Washington: Scientists at the University of North Carolina at Chapel Hill have found that the time required for evolution on a warm Earth is shorter than critics might expect.
Enzymes, proteins that jump-start chemical reactions, are essential to life within cells of the human body and throughout nature.
Richard Wolfenden and his group measured the speed of chemical reactions, estimating that some of them take more than 2 billion years without an enzyme.
In the process of measuring slow reaction rates, "it gradually dawned on us that the slowest reactions are also the most temperature-dependent," Wolfenden said.
In general, the amount of influence temperature has on reaction speeds, varies drastically, the group found.
"That is a shocker. That``s what``s going to surprise people most, as it did me," Wolfenden said.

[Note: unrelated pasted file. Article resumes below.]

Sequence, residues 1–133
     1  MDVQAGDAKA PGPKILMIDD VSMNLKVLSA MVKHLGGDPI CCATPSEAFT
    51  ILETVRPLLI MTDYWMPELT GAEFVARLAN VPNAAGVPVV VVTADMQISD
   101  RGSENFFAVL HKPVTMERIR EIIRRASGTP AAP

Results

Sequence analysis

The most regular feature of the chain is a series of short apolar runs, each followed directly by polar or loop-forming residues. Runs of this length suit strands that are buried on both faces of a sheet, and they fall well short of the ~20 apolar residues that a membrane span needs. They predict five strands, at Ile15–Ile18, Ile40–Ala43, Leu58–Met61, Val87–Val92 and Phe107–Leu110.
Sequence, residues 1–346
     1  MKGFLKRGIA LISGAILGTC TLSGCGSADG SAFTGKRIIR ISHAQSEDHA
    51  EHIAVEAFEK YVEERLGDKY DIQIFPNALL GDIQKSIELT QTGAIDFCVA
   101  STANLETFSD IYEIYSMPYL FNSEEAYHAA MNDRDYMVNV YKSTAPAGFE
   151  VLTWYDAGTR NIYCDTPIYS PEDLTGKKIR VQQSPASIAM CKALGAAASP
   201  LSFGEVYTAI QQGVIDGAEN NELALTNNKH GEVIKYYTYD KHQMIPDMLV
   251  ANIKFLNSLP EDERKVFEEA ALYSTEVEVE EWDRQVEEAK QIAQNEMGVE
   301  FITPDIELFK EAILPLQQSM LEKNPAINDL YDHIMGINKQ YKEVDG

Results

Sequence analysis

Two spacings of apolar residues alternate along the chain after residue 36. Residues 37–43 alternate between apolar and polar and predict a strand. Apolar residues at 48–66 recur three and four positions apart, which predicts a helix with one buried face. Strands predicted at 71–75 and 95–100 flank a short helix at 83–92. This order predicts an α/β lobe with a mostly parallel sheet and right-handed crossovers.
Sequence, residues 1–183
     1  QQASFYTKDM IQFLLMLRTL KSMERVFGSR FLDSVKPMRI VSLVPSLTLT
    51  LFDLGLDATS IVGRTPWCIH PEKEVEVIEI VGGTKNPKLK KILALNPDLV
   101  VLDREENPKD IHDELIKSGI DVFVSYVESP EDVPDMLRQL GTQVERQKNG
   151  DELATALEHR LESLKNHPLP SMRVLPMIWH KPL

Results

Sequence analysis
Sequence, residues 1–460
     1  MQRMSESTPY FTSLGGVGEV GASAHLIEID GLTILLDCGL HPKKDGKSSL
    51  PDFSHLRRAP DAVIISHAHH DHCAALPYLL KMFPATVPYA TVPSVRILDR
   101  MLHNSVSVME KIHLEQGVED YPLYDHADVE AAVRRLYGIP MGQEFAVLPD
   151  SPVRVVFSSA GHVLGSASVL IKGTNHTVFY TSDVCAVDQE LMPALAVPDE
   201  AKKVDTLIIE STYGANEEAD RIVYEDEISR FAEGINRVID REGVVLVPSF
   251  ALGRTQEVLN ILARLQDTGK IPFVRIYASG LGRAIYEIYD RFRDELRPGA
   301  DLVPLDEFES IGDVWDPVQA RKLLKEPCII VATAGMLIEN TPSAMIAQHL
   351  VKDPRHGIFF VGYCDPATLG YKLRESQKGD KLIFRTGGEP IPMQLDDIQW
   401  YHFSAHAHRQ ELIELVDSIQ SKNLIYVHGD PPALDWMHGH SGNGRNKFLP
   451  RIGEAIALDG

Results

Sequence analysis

High temperatures were probably a crucial influence on reaction rates when life began forming in hot springs and submarine vents, Wolfenden said.
Later, the cooling of the earth provided selective pressure for primitive enzymes to evolve and become more sophisticated, the Wolfenden’s group hypothesizes.
Using two different reaction catalysts — which are not protein enzymes but that may have resembled early precursors to enzymes — the group put the hypothesis to the test. The catalyzed reactions are indeed far less sensitive to temperature, compared with reactions that are accelerated by catalysts. The results are consistent with our hypothesis, Wolfenden said.
These findings are likely to influence how scientists think of the first primitive forms of life on earth, and may affect how researchers design and enhance the power of artificial catalysts, he added.
The findings are published in the Dec. 1, 2010, online early edition of the Proceedings of the National Academy of Sciences.